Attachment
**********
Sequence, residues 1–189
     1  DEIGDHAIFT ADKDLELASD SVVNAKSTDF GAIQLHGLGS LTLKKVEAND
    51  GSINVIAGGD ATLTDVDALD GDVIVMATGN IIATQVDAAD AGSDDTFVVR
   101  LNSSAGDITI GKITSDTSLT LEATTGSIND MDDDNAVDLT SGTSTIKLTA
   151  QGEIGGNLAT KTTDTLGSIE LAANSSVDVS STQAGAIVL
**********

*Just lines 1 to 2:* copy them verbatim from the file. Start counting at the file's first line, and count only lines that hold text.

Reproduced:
Sequence, residues 1–189
     1  DEIGDHAIFT ADKDLELASD SVVNAKSTDF GAIQLHGLGS LTLKKVEAND